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I want to find all .c files in current directory and subdirectories and tar them. I try to use the following way to achieve this goal but when i unzip files, the files in different folders. I don't want to include directory when I tar the file.

The script should exclude all other files and should not maintain the directory structure for these .c files.

find . -name '*.c' | xargs tar -rf allcfiles.tar 

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3 Answers 3

3

If you have GNUtar (which is common on Linux) then you can use the --transform option.

For example, with your current command we can see there's directories:

$ find . -name '*.c' | xargs tar -rf allcfiles.tar
$ tar tf allcfiles.tar                            
./b.c
./d/e.c
./a.c

With a transform we can avoid this:

$ find . -name '*.c' | xargs tar --transform='s!.*/!!' -rf allcfiles.tar
$ tar tf allcfiles.tar                                                  
b.c
e.c
a.c

The expression inside the --transform is a simple sed expression. This one just strips off all directory components.

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  • With a real TAR implementation, this gives error messages because the archive does not exist at the beginning. The original UNIX TAR does not deal with this at all, because it never creates an archive in replace mode. star warns because the archive at the beginning does not have a correct EOF marker. I recommend a modern tar like star with built in find and with pax like path substitution and not to use the replace mode.
    – schily
    Jan 23, 2020 at 9:41
  • thanks for your help. I am using macos. I tried ur answer but it does not work
    – chen Crush
    Jan 23, 2020 at 13:30
  • If you're using macOS then you might want to change the tags; you added "linux" as a tag, and so I gave a Linux answer... Jan 23, 2020 at 15:30
  • It works on linux. Thanks a lot. I need to run script on linux not macos. Sorry for not beeing clear.
    – chen Crush
    Jan 23, 2020 at 20:10
  • Since we are going to rely on GNU features, it's probably worth mentioning the options to handle file names safely - find ... -print0 and xargs -0. (Sure, newlines in real-world file names are extremely unlikely, but...).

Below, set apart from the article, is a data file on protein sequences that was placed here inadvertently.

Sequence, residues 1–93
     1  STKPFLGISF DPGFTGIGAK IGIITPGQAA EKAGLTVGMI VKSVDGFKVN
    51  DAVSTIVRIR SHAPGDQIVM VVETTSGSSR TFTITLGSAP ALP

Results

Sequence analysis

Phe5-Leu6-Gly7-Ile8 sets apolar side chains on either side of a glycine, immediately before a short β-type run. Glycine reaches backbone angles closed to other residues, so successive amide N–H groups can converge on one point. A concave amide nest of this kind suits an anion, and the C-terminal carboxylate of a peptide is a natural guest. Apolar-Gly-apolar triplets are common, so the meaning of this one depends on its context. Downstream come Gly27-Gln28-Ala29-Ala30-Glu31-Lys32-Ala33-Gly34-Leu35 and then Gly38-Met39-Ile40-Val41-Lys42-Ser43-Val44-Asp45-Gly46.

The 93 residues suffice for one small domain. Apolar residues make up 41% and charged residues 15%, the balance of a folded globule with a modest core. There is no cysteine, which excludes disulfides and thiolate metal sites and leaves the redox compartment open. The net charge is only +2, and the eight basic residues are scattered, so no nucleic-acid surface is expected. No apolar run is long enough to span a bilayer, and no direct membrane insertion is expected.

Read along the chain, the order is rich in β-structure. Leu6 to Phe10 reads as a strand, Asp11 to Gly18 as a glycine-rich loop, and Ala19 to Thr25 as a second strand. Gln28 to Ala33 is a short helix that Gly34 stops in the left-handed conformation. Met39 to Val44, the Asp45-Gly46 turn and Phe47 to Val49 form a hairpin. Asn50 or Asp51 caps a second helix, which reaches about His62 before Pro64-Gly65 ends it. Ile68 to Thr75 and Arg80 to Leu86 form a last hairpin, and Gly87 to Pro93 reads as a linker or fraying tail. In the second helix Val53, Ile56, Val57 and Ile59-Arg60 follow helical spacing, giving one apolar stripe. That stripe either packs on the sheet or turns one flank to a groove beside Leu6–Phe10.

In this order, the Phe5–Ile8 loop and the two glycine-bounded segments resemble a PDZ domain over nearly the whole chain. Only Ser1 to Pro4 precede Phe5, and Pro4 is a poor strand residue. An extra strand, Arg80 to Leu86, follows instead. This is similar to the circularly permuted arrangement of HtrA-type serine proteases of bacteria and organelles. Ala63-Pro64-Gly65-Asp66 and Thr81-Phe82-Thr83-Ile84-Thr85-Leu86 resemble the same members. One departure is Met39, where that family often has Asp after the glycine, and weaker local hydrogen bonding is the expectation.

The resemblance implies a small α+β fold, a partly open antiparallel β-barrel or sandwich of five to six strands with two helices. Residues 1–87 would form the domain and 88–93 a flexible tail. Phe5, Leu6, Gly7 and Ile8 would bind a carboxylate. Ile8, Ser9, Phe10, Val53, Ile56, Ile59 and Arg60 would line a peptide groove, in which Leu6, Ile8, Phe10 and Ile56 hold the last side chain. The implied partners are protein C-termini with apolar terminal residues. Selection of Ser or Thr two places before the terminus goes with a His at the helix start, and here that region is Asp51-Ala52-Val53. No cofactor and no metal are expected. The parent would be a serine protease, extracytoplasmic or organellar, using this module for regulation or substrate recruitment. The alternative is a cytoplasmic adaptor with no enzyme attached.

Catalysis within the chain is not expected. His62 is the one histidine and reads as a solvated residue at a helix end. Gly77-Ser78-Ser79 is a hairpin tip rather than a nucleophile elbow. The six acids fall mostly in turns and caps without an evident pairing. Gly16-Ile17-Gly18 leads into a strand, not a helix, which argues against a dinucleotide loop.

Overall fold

– fra-san
    Jan 23, 2020 at 22:50
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If your find implementation supports the -execdir option, you can tar the files without their directories like this:

find . -name '*.c' -type f -execdir tar rf $PWD/mytar.tar {} +

Just make sure the path to the tar file is an absolute path.

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Here is a method that works using only POSIX compliant commands:

find . -name '*.c' | pax -w  -s ',.*/,,' > allcfiles.tar

If you like to use tar rf archive ..., you need to start with a correct empty archive at the beginning, since a real tar does not create the archive when in replace mode. To achieve this, you could first run this command to create an empty TAR archive:

printf "\000"| dd ibs=10k conv=sync > allcfiles.tar 

By the way, I prefer this command:

star cf allcfiles.tar -s ',*/,,' -find . -name '*.c'

since this is the fastest method because star uses libfind and this needs to call stat() only once per file as the stat data from libfind is used by star to set up the file meta data in the archive.

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  • thanks for your help. I am using macos. I tried ur answer but it does not work. I wonder if macos cannot do this at all.
    – chen Crush
    Jan 23, 2020 at 13:29
  • Which command did you try and why did it fail? Since MacOS claims to be POSIX compliant, it needs to work with my POSIX compliant command.
    – schily
    Jan 23, 2020 at 13:32
  • @chenCrush: Given that the command works on FreeBSD and that MacOS has a FreeBSD userland, it is highly improbable that the command fails on MacOS.
    – schily
    Jan 24, 2020 at 9:53

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